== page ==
Evans & Chambers Technology (EC) is all about solutions. The Washington, D.C.-based information technology firm founded in 2003 develops software for government and commercial enterprises. However, in 2018, several years after EC opened its new office in the historic Shaw neighborhood in 2015, office manager Alice Swan realized the company needed to address an issue.
“EC is located in a HUBZone area and it is [important] to maintain our required HUBZone employee percentage,” Swan said. “This is challenging for a technology-based company.”
The U.S. Small Business Administration’s HUBZone program assists small businesses located in “historically underutilized business zones” in urban and rural communities to “gain preferential access to federal procurement opportunities.” HUBZone certification is partially obtained by employing at least 35 percent of employees who live in that HUBZone.
In keeping with EC’s mission of doing its “utmost to be a responsible neighbor and citizen,” Swan found a solution. A social worker by training, she sought to support unemployed parents in D.C. and extended an opportunity for them to be paid, part-time EC employees.
“I was researching innovative ways to keep [our percentage up] rather than contracting companies to hire people for us,” Swan said. “In my ethical opinion, that is not ‘giving back’ to the community — nor [is it] the purpose of the HUBZone program. I started looking into how it could benefit both EC and the community and found that you can pay volunteers who reside in HUBZones to maintain the required percentage. I called Bright Beginnings (BBI) and they were a perfect fit. Many of their parents were already volunteering in the classroom and this program gave them the opportunity to be compensated while doing so.”
Founded in 1990, BBI provides early childhood education programs for children up to five years old at no cost to their families. According to its objective, BBI not only prepares kids from families with low income to be ready for kindergarten, but it also simultaneously, “supports parents in stabilizing their home lives and becoming self-sufficient.” One of BBI’s Volunteer Opportunities allows parents to serve as classroom assistants where they can gain hands-on practice working with children as well as administrative experience. In October 2018, when BBI’s Workforce Development Manager Arthur Darby was presented with Swan’s idea to form the Technology and Community Connecting Hands program (TAACH), he thought it would be the perfect opportunity to enhance the center’s two-generation (2Gen) approach.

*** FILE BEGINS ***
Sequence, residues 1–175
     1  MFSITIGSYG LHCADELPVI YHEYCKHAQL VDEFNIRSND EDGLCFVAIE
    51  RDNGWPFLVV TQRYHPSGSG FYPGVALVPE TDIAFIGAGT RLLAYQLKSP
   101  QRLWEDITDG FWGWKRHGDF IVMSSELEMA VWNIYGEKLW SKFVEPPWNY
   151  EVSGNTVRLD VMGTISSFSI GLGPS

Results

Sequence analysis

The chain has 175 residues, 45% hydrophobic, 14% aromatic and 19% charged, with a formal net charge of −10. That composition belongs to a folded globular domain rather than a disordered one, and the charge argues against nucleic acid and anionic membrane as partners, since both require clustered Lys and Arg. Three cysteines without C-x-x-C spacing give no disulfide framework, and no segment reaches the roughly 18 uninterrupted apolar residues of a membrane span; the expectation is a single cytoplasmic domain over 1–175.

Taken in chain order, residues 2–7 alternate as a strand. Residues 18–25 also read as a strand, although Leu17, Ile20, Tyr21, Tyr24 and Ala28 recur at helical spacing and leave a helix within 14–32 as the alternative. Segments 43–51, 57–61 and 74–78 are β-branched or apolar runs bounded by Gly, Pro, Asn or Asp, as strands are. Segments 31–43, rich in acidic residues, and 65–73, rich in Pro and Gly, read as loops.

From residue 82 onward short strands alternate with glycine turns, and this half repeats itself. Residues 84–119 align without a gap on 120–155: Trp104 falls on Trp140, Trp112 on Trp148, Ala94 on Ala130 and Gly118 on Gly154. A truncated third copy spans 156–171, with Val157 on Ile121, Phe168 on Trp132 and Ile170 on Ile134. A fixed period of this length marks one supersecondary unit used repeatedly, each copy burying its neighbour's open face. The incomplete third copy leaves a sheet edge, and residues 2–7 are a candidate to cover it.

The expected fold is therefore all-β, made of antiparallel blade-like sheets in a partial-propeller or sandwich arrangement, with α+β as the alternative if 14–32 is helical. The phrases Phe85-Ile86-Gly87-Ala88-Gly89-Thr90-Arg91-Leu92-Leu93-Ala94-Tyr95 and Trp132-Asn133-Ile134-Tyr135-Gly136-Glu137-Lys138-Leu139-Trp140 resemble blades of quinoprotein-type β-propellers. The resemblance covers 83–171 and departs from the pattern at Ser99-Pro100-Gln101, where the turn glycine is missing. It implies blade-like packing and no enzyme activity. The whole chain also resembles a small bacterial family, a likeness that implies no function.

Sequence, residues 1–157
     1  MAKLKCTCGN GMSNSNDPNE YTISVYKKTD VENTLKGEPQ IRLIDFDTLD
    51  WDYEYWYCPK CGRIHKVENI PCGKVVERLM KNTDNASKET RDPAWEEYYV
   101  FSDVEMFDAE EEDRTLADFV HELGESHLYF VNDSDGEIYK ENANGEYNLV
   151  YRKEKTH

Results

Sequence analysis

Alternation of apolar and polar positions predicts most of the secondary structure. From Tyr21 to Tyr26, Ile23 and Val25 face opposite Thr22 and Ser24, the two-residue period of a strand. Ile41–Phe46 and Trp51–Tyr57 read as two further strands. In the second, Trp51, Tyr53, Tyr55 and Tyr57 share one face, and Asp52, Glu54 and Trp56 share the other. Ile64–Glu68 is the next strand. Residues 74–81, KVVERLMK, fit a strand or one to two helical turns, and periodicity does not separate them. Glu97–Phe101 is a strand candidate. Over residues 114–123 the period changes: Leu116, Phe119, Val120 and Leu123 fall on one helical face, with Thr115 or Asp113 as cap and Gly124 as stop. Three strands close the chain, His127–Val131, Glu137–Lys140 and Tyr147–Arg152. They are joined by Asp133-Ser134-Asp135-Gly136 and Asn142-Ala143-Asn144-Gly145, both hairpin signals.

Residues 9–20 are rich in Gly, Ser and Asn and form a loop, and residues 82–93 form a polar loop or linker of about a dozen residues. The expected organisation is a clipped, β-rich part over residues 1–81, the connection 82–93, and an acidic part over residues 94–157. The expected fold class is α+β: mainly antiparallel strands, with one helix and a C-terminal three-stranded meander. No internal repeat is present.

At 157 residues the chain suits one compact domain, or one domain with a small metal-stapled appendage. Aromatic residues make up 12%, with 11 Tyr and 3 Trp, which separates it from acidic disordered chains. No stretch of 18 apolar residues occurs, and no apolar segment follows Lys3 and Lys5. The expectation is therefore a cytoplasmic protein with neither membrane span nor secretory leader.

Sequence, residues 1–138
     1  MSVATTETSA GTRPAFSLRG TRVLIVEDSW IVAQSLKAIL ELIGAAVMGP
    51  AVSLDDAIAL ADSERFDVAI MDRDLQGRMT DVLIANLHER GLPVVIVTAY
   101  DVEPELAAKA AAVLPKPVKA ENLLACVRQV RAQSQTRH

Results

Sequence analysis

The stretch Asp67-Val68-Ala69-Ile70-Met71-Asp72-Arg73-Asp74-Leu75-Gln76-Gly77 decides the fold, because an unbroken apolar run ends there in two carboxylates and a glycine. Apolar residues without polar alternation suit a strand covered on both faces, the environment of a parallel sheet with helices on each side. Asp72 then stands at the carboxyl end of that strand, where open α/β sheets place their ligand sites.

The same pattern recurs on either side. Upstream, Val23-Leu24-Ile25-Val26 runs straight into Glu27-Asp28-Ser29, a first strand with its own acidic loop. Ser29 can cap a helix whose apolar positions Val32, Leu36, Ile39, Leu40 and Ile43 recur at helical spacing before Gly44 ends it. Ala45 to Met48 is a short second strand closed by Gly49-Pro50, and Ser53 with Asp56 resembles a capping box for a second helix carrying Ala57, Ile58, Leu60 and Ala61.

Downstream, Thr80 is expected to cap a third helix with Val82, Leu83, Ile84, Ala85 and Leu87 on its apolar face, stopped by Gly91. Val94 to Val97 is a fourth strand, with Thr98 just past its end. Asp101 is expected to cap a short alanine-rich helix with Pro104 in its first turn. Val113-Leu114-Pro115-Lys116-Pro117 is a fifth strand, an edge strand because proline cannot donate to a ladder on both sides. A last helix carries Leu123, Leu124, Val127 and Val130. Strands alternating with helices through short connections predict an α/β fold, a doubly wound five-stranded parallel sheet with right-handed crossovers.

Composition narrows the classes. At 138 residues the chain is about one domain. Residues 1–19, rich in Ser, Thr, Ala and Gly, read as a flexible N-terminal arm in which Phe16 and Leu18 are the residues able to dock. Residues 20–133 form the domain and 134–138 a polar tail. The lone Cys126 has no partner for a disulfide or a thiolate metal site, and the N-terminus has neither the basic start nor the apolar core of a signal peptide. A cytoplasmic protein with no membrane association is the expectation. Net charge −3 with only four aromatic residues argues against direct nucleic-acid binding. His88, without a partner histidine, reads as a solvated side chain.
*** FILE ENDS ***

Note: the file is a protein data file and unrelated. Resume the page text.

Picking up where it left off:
“We desire for parents to be able to enhance their workforce development and career development skills while their child is in class,” Darby said. “With this partnership with EC, it helps us to really capture that audience, so the parents are not only coming to volunteer or just coming to use the services that we provide for parents. But they are now able to be paid to come and work in those same areas. It incentivizes the parents to engage in the center.”
For 10 hours a week, parents are paid, $14.00, (D.C.’s current minimum wage) to perform administrative duties, conduct research, assist with health services, among other tasks at one of BBI’s two learning centers. Parents also have the option of pursuing Child Development Associate National Credentialing Program requirements or other professional certifications. Five mothers and three fathers are currently enrolled in the TAACH program. Thirty-one-year-old Kevin Lewis said the TAACH provides him the invaluable opportunity to create a stronger relationship with his two young sons, while also expanding his professional abilities.
“Through Bright Beginnings, [the internship] allows me to build a greater bond and better influence over my children, and that’s the most important thing in the world to me,” Lewis said.
When the single dad is not drafting lesson plans for the entrepreneurship course he co-leads at BBI, he is working towards his barbering license at nearby Ballou High School. The flexible 10 hours lets Lewis juggle his participation in the internship and the workforce development services at BBI without the burden of worrying about childcare.
“I can say, ‘Hey, I’ve developed skills where I can create lesson plans,’” Lewis said. “‘I can do presentations as well,’ and those are skills I didn’t start with. So, I’m hoping that this internship will help develop those skills.”
According to Swan, the TAACH program helped EC founders, Jamil Evans and Andre Chambers, rethink how to partner with nonprofits.
“Jamil grew up in the Shaw district and Andre was raised by a single mom so they wanted to be a part of the community,” Swan said. “When I brought [the idea] to them, it was like a no-brainer.”
The EC team now knows philanthropy is not simply a financial donation, but rather a means for impactful change.
“[TAACH] has become a program that we believe can be utilized by other companies who conduct business in HUBZone areas,” Swan said. “[We] hope to see partnerships similar to the one we have created with BBI.”
The TAACH internship has no end date – meaning parents with unpredictable schedules, like Kevin Lewis, can continue to participate in the program until they are more self-sufficient. EC is also in talks with other IT firms, such as LBO Technology, to adopt this internship model. For the BBI community and the staff at EC, there is no provision that can stop them from building a stronger future for children and their parents. Providing a brighter beginning is the best measure of success.